Business

July 10, 2013

Ball Aerospace, Aerojet Rocketdyne complete thruster test for ‘green’ spacecraft fuel

A Green Propellant Infusion Mission technician prepares for 22 Newton firing test.

Ball Aerospace and Aerojet Rocketdyne have met the first milestone in demonstrating a more environmentally friendly spacecraft fuel by completing an end-to-end checkout of the 22 Newton thruster required for NASA’s Green Propellant Infusion Mission.

Ball is leading an industry and government team that will develop and fly the GPIM to demonstrate a high-performance, non-toxic fuel alternative to conventional hydrazine. This will bridge the gap between characterizing the functionality of an integrated propulsion system, and the technology development needed for eventual use of green propellant in space.

The milestone is significant because the 22 Newton thruster will fire simultaneously along with four smaller 1N thrusters to initiate orbit inclination changes and altitude changes. It is also critical for GPIM’s eventual de-orbit upon mission completion.

“The successful first firing of the thruster proves we have the right technology for the mission and are on track for flight development,” said Civil Space and Technologies Vice President and General Manager of Ball, Jim Oschmann.  “Ball and Aerojet Rocketdyne are demonstrating the innovation needed to develop a fully domestic green propellant solution for the next generation of space flight.”

As the prime contractor and principal investigator, Ball collaborates with a team of co-investigators from Aerojet Rocketdyne, NASA Glenn Research Center, NASA Kennedy Space Center and the U.S. Air Force Research Laboratory at Edwards Air Force Base, with additional mission support from the U.S. Air Force Space and Missile Systems Center at Kirkland Air Force Base.

This is the first time the nation will use a spacecraft to test green propellant technology. The mission propellant, a Hydroxyl Ammonium Nitrate fuel/oxidizer blend, or AF-M315E, offers nearly 50 percent better performance when compared to traditional hydrazine.  Green fuel alternatives also reduce environmental impact and operational hazards, improve launch processing capabilities, increase payload capacity, enhance spacecraft maneuverability and make longer duration missions possible.

“This thruster test is a crucial step toward infusing this green spacecraft propulsion technology into a wide range of government and commercial missions,” said Roger Myers, Aerojet Rocketdyne executive director Electric Propulsion and Integrated Systems.  “Its applications are diverse and its impact on performance will make green propellant a leading choice for future space missions.”

GPIM is a Technology Demonstration Mission under the leadership of NASA’s Space Technology Mission Directorate.  The green propulsion system will fly aboard a Ball Configurable Platform 100 spacecraft bus.

 




All of this week's top headlines to your email every Friday.


 
 

 
U.S. Chamber of Commerce photograph

Boeing, Embraer to collaborate on ecoDemonstrator technology tests

U.S. Chamber of Commerce photograph Frederico Curado, president & CEO of Embraer, and Marc Allen, president of Boeing International, at the Brazil-U.S. Business Summit in Washington, D.C. The event occurred during an offici...
 
 
LM-Legion

Lockheed Martin’s Legion Pod™ takes to skies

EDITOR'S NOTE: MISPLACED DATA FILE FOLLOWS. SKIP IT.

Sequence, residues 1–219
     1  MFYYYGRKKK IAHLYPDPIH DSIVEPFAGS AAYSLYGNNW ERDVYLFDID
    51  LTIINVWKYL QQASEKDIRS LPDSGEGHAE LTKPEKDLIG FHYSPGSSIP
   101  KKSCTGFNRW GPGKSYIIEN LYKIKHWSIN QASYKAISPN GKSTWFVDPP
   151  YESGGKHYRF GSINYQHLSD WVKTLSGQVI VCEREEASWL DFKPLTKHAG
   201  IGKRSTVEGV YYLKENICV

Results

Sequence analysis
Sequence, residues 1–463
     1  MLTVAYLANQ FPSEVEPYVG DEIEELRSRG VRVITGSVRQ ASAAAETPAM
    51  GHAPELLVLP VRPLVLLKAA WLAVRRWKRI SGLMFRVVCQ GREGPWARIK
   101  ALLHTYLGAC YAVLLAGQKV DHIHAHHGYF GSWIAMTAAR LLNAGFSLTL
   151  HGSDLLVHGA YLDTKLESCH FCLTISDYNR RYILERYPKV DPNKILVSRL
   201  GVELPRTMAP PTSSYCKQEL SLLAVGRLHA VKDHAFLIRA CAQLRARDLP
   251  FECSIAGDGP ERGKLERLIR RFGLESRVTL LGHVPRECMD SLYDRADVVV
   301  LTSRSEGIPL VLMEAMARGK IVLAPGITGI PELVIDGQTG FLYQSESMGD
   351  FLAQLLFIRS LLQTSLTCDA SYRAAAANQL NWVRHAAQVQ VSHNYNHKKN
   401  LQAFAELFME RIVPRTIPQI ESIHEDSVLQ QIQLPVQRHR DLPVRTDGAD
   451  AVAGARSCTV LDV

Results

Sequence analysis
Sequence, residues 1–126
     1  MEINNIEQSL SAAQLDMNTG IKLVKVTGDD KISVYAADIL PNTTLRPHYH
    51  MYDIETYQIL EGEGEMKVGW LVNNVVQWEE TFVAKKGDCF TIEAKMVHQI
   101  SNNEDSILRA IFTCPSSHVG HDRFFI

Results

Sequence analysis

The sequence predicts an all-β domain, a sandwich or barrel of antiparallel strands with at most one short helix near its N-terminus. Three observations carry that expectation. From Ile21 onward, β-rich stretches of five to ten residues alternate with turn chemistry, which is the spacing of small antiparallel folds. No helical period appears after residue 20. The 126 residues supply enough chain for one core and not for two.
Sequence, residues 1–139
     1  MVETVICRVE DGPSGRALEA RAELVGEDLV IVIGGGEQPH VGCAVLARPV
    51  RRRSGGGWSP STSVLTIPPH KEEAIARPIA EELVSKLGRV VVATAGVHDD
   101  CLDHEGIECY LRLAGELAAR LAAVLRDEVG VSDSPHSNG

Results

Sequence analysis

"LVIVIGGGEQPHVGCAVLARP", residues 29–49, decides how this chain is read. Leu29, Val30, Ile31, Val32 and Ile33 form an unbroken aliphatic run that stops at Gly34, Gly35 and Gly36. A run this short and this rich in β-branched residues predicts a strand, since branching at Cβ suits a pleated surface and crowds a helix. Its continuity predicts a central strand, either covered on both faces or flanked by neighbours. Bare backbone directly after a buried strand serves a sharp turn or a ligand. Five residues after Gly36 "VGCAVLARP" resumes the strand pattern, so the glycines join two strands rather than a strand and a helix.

Lockheed Martin photograph by Randy Crites Lockheed Martin’s Legion Pod recently completed its first flight test, successfully tracking multiple airborne targets while flying on an F-16 in Fort Worth, Texas. Legion Pod was in...
 
 

Raytheon wins U.S. Army contract award

Will provide R&D for ground vehicles, ground robotics The U.S. Army Contracting Command ñ Warren recently awarded Raytheon the TACOM Strategic Service Solutions indefinite delivery/indefinite quantity contract. The five-year multiple-award vehicle has a ceiling value of $634 million. The agreement covers future work on sensors, fire control systems, active protection systems, and robotics...
 

 

Lockheed Martin’s EW pod delivers proven ability to protect, control electromagnetic spectrum

Lockheed Martin is testing an electronic warfare pod in the company’s advanced anechoic chamber. The pod is designed to fit a variety of platforms, and is a self-contained electronic warfare package, encompassing an entire suite of capabilities in one unit.  Electronic warfare is the art and science of controlling the electromagnetic spectrum—from jamming enemy communications...
 
 
Northrop Grumman photograph

Northrop, Navy successfully conduct E-2D Advanced Hawkeye aerial refueling CDR

Northrop Grumman photograph An E-2C test aircraft assigned to Air Test and Evaluation Squadron (VX) 20 conducts an aerial refueling dry-plug engagement with an F/A-18. Northrop Grumman along with the U.S. Navy have successfully...
 
 

Northrop, Navy celebrate legacy of EA-6B Prowler

Northrop Grumman photograph by Edgar Mills The U.S. Navy’s last operational EA-6B Prowler, designed and built by Northrop Grumman, lifts off from Naval Air Station Whidbey Island, Wash. in a ceremonial fly-away June 27 from its long time operational base. The Navy is retiring the Prowler after nearly 45 years of service.   The U.S....
 




0 Comments


Be the first to comment!


Leave a Reply

Your email address will not be published. Required fields are marked *

You may use these HTML tags and attributes: <a href="" title=""> <abbr title=""> <acronym title=""> <b> <blockquote cite=""> <cite> <code> <del datetime=""> <em> <i> <q cite=""> <s> <strike> <strong>